The Builders and the Butchers make records the way the bards used to pass on stories. Theyre poetic and captivating, and do to songwriting what Clint Eastwood does to movies. On its fourth album, Dead Reckoning, the band continues that tradition, pounding out 12 more boot-stomping folk rock tracks, all with an epic story line to keep the listener riveted.
Each of The Builders’ albums thus far has taken on a different folk theme. This one is distinctly Southern Americana, picking up a Delta blues-inspired country as the backing to a loosely Katrina-like flood story. Intense subject matter, yes, but its what this band does best. The Builders write adventure stories with literary notions filling out the lyrics, and apropos acoustics backing it all up. The disc includes a reluctant protagonist with a pessimistic, but realist perspective, a helpless town, and the forces of good and evil battling it out, with sometimes not-so-happy endings for the people trapped in the middle.
Musically, Dead Reckoning pulls back on the grandeur of previous albums, leaving only the basic acoustic elements. The organs, strings, and horns are left at a minimum, always in the back of the song, letting those strong vocals, guitars, and kick drum take care of raising the hairs. This creates a presence that makes the music feel close, as if it were done in one take, with no apparent production work. The vocals hang as if Ryan Sollee is right there with you, the music excelling by the pure virtue of its naturally loud and furious pace.
This also makes the stories more approachable, more believable, like folk tales used to be, with fascinating characters and tragic heroes. Not many bands can create absorbing stories like these, as Sollee delivers heavy hitting lines like The levee’s underwater, the ocean starts to scream. That one in particular comes on All Away, a softly plucked track that details an impeding doom. Rotten to the Core takes a Dylan-esque country approach, adding sharp social jabs into the story line. The addition of organ makes for the band’s busiest track to date. It Came From the Sea, a mandolin-led sailors’ ode, and the following Lullaby, a suspenseful, bleak flood story, both add their own levels of emotion, with string-breaking strums added to build the suspense and chaos. And this is only half of the story, all before our protagonist attempts to save those who are yet alive on Out of the Mountain.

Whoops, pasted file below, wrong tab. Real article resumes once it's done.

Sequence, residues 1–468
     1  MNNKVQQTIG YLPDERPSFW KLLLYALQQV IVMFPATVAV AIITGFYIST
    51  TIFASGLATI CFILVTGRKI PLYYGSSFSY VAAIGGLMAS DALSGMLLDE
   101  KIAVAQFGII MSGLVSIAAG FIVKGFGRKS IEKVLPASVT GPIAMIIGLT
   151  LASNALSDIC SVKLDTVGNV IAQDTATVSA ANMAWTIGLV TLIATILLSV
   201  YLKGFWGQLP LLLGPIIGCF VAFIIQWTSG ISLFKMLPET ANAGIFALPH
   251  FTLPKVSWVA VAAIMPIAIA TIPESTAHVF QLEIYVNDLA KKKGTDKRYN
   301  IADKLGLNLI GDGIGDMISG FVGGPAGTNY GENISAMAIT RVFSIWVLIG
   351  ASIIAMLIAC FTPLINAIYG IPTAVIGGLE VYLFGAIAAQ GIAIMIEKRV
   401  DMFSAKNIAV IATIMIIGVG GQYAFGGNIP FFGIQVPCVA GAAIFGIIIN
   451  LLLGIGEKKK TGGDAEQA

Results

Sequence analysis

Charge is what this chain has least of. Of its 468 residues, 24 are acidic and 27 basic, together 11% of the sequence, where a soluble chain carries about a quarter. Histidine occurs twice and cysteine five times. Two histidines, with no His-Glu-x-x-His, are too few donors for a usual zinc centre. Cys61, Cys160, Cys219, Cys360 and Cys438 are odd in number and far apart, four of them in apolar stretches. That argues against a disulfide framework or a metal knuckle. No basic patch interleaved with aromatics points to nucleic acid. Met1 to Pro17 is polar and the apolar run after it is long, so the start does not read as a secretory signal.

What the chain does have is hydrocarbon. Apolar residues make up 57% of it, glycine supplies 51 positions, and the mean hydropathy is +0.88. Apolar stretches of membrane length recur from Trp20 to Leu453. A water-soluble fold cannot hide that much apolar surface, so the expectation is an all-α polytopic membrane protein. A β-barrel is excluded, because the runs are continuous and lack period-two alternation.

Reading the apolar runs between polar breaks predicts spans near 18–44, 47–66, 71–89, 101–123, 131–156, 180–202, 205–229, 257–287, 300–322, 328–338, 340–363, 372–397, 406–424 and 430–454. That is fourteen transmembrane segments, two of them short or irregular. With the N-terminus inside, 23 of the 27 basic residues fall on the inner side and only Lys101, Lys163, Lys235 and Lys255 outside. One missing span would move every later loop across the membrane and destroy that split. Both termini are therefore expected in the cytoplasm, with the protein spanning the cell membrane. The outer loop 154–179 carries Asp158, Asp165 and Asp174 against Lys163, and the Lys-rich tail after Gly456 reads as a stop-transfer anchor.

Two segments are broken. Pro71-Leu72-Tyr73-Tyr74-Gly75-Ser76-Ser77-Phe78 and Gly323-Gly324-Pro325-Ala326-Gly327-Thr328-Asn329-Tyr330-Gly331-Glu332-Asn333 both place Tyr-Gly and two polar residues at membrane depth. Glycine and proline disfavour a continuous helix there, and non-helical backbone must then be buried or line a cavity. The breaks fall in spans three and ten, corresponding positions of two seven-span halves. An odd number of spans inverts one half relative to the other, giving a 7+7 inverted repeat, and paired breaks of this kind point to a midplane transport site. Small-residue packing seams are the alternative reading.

Standing out, the last couple of tracks step up the production level by bringing in electric guitars and bringing the pianos forward, creating something quite modern. Its a perspective thats new for the band, and one that wouldnt be too bad on its own. Those tracks are a departure from the rest of the record, the organ on Family Tree bringing on a Band-like gospel feel. Its an excellent way to close the record, and get the listener out of the dark place they were left in thanks to all of that death and destruction.
The Builders and the Butchers are highly underrated, and, in a perfect world, Dead Reckoning will squash that fact. The group’s albums keep getting better, the content distinctively creative, with quality to lean on from end to end. Beyond the elaborate prose, the songs are outstanding and full of an energy that combines careful technique with rousing jams. Dead Reckoning is a unique and wild experience, one thats not to be passed up.